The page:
MADURAI: The Madurai Bench of Madras High Court on Thursday directed the Union government to follow the provisions of the Official Languages Act, 1963 strictly. “Once a representation is given in English, it is the duty of the Union government to give the reply in English only,” the court said.
A division bench comprising Justices N Kirubakaran and M Duraiswamy gave the direction while allowing a Public Interest Litigation (PIL) filed by Madurai Lok Sabha MP Su Venkatesan seeking a direction to use English alone in all communications between the Centre and the state government, its MPs and the people.
Venkatesan had approached the court after the Minister of State for Home Affairs replied to the MP's letter last year in Hindi alone. The MP had written the letter requesting to set up examination centres for CRPF paramedical staff recruitment at Tamil Nadu and Puducherry.
Justice Kirubakaran noted that one could understand the importance of languages as states were reorganised based on language. The central government should continue to use English along with Hindi which could act as a binding force, he added.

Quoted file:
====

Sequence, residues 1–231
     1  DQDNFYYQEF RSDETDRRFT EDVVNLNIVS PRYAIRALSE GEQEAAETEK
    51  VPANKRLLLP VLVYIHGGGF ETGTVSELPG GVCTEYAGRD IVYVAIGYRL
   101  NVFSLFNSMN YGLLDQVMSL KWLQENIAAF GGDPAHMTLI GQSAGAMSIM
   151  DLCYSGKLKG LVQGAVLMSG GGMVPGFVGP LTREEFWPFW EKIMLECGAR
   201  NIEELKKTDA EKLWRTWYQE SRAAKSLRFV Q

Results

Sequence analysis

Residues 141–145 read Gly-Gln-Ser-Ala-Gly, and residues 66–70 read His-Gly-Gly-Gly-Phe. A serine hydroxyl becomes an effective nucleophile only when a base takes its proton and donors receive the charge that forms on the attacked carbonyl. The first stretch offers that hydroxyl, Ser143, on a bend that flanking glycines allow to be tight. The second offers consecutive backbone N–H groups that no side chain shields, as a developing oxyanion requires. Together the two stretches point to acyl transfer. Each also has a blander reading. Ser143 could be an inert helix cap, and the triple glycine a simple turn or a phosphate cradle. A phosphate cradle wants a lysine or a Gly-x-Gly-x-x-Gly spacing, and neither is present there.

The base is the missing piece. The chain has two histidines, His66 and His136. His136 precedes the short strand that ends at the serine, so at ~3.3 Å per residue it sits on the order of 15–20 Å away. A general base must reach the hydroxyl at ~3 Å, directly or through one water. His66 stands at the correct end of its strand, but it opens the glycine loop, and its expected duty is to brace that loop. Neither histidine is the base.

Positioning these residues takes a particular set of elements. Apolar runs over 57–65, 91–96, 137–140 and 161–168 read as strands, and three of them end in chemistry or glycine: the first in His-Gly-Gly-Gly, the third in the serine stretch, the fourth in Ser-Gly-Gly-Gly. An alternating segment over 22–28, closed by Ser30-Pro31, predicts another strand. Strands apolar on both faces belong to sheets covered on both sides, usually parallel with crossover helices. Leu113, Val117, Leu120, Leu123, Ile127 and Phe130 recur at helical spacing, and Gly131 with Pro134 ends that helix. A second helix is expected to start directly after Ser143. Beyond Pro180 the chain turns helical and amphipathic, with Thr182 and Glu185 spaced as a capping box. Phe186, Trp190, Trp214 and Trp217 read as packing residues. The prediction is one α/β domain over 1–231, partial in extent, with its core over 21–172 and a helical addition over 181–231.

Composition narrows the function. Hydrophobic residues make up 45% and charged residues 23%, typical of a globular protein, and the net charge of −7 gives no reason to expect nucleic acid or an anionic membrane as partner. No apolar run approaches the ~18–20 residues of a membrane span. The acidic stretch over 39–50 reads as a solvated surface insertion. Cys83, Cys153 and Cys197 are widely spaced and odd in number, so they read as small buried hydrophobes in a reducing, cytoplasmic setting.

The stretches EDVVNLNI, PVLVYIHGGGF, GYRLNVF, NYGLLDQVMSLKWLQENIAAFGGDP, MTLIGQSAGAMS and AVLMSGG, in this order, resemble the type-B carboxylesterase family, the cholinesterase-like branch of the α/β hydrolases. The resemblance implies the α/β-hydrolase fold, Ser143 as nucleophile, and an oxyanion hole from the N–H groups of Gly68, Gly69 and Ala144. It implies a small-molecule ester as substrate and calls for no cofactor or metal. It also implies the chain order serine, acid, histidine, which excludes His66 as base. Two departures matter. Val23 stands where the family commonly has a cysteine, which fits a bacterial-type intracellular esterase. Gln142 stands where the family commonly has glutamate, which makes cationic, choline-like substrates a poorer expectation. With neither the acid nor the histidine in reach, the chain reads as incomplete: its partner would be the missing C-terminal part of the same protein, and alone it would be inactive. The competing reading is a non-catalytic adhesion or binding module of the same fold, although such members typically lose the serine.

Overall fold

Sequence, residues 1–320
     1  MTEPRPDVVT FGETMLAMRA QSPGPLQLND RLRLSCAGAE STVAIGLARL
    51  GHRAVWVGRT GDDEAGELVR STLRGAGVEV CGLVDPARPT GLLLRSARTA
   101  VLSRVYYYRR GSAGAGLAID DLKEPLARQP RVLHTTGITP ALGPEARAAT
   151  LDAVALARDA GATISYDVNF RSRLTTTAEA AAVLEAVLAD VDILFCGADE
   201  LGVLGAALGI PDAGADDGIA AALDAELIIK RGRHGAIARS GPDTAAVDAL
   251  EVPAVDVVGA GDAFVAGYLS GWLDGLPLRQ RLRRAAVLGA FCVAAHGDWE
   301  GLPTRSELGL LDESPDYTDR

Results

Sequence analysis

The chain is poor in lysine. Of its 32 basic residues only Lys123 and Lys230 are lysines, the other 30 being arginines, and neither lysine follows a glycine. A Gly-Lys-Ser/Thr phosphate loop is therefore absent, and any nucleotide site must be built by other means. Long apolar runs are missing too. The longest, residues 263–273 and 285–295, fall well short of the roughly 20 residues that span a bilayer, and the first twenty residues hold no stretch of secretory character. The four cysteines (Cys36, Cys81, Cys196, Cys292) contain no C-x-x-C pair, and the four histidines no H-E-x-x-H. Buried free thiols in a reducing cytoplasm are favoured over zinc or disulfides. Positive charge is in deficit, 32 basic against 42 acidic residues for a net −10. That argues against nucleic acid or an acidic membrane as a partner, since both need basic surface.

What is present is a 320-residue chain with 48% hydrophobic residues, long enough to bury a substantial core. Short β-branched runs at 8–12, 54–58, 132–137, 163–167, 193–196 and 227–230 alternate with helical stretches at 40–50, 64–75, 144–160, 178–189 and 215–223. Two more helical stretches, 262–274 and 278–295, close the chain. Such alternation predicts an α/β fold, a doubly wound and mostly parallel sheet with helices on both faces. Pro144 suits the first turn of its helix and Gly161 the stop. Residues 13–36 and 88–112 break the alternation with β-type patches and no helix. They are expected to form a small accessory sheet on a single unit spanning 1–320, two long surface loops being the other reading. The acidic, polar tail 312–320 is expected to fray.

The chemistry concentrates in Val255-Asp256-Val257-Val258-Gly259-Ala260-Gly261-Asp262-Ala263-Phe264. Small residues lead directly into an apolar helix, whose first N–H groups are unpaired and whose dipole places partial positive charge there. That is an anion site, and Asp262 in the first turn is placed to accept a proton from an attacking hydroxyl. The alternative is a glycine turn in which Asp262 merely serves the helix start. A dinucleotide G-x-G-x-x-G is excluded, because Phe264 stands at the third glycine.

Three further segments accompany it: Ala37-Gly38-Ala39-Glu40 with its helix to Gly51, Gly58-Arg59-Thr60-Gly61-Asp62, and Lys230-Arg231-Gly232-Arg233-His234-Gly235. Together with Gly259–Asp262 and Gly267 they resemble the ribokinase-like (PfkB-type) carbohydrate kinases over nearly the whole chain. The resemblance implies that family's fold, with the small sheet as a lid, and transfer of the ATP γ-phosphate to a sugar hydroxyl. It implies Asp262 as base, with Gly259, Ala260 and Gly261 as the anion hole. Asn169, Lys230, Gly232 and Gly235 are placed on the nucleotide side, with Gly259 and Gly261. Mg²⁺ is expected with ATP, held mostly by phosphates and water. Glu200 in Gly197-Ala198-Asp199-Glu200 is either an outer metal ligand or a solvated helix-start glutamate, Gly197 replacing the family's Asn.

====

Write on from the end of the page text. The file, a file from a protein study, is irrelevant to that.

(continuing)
He also cited Article 350 of the Constitution, which states that every person is entitled to give representation in any of the languages used in the Union or the state. Hence, once a representation is given in English, it is the duty of the Union government to reply in English only, which is also in consonance with the Official Languages Act, he added.
The Bench also noted the central government’s explanation that the reply to the MP’s letter was inadvertently made in Hindi alone and that the violation was not intentional. Recording it, the Bench directed the Union government and all its instrumentalities to follow the Official Languages Act, 1963, especially the Section 3 of the Act- which says that both Hindi and the English languages should be used for the official documents - and the Official Languages Rules, 1976 strictly.
Justice Kirubakaran went on to add that language is important in the era of information and communication. “There are several languages in India which are hundreds or even thousands of years old. The governments ought to take efforts to preserve the languages. Mother tongue should also be given importance like that of English as knowledge without understanding of mother tongue would be incomplete,” the judge opined.